PRESIDENT Mnangagwa yesterday said Zimbabwe was determined to industrialise and improve the citizens’ living standards, adding that the Russia-Africa Summit had elevated long standing relations between Harare and Moscow to a new high.
The President said Zimbabwe remains ready to make its contribution to the community of nations, through critical fora such as the Russia-Africa partnership.
He said this while addressing the two-day Russia-Africa Summit which ended here yesterday, with 49 Heads of State and Government in attendance.
“In spite of various machinations by our detractors, ‘Zimbabwe is Open for Business’ and continues on a new economic development trajectory,” said President Mnangagwa.
“Zimbabwe is more determined to industrialise, modernise and improve the quality of life of her people. Zimbabwe stands ready to make its contribution in the community of nations, through such fora as this Russia-Africa partnership.
“This summit elevates our long standing association with Russia, at both the bilateral and the continental levels, to a much higher platform of co-operation. This partnership is born out of the need to strengthen our economic and scientific co-operation to harness our collective socio-economic potential.”
President Mnangagwa said development was being hampered by numerous challenges including wars, but with friends such as Russia, Africa has security and the parties must now renew their resolve in order to combat any lingering threats.
“Sustainable socio-economic development at regional and global level is hampered by increasing threats to national regional and global peace and security in the form of civil wars, transnational terrorism and extremism,” he said.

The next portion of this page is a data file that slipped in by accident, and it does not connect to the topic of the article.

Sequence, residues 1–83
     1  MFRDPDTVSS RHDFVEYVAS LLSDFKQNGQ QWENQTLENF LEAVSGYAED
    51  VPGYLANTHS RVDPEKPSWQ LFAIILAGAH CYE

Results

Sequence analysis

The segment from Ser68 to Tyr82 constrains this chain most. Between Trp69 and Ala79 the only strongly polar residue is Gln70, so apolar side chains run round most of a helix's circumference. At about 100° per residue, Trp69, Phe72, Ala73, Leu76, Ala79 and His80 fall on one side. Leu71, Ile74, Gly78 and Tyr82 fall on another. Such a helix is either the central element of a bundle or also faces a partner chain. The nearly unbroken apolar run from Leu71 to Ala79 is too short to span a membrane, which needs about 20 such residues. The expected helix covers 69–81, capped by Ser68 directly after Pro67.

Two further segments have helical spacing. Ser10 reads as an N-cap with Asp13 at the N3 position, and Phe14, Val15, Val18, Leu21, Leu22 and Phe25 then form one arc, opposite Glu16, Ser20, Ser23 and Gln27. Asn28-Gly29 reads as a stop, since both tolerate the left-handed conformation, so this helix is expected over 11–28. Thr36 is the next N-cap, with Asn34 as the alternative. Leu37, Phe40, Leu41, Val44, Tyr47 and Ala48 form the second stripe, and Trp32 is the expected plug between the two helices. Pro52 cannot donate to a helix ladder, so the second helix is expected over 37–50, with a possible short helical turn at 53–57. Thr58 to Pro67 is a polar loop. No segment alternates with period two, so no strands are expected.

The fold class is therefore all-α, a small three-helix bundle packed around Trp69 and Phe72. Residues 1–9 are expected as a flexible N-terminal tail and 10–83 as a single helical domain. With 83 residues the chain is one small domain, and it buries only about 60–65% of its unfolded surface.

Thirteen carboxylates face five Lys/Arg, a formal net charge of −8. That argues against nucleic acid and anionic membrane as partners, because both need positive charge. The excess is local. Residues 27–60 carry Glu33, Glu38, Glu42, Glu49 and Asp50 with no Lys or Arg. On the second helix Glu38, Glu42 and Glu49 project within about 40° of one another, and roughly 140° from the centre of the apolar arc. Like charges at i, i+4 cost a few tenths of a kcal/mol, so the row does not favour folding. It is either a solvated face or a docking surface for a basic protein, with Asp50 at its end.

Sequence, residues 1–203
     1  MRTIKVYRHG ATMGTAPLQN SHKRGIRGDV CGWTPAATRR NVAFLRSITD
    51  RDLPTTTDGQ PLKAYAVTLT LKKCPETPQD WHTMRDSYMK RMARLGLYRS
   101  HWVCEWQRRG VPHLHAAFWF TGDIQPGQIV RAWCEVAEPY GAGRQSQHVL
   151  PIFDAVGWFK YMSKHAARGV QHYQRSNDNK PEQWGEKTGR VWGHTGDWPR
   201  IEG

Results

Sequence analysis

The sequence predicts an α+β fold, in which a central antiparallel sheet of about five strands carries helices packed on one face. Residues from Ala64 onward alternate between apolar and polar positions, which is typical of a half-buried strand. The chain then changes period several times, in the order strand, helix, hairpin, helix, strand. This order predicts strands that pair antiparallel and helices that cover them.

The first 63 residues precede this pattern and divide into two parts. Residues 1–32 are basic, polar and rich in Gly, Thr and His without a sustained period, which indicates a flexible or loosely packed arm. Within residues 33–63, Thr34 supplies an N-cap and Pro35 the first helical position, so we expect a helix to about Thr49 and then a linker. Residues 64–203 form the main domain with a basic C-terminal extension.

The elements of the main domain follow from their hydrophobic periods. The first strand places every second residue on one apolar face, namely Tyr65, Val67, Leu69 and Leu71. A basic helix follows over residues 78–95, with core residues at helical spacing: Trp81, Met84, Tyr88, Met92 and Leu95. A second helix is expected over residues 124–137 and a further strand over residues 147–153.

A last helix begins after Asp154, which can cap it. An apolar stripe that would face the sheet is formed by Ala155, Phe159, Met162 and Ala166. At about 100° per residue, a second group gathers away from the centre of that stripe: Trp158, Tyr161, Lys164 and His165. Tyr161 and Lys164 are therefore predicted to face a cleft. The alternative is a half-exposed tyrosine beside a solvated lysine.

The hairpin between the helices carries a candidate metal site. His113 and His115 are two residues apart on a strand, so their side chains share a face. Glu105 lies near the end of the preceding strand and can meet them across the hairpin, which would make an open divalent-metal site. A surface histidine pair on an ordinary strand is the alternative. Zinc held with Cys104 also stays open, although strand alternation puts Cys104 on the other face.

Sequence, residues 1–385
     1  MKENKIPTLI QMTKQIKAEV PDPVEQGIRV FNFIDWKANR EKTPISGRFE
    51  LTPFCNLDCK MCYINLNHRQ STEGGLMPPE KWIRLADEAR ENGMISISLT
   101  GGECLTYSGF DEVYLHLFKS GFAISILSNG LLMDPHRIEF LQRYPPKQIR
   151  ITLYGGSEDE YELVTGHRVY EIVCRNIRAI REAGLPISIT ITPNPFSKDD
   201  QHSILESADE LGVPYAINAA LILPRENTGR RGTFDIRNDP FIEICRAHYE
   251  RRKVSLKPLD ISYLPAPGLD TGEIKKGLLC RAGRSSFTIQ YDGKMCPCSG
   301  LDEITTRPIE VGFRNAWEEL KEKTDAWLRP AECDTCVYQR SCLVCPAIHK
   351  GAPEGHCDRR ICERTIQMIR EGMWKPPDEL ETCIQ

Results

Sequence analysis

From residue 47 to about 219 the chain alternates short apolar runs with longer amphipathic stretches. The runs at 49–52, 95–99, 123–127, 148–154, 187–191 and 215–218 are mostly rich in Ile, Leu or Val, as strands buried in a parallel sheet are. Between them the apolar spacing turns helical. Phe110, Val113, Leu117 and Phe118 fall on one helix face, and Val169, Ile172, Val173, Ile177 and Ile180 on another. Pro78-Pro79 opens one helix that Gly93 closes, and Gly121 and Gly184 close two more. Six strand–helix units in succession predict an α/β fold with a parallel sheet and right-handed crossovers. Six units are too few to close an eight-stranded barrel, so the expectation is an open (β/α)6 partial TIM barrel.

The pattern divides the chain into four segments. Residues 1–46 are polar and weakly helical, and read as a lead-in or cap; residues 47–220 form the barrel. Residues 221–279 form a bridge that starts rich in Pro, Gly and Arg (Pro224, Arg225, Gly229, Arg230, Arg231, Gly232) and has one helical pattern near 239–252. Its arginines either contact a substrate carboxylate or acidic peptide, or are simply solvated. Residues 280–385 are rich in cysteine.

President Mnangagwa also took a swipe at Western countries that imposed sanctions on Zimbabwe, which are causing untold suffering among ordinary citizens.
He said the countries that imposed sanctions were also interfering in Zimbabwe’s domestic affairs.
“Zimbabwe has borne the brunt of the unilateralism, interventionism and external interference in our internal affairs, in the form of a crippling sanctions regime imposed by some Western countries for two decades. These illegal sanctions continue to cause untold suffering to our people and hamper us from the realisation of our full economic growth potential and prosperity,” the President said.
Zimbabwe today joins the rest of the SADC bloc in protesting against the illegal sanctions imposed on Zimbabwe.
President Mnangagwa, who left Russia yesterday evening after the successful Russia-Africa Summit, is expected in the country early this morning ahead of the anti-sanctions march.
He is expected to make a keynote address at the National Sports Stadium where thousands are expected to gather.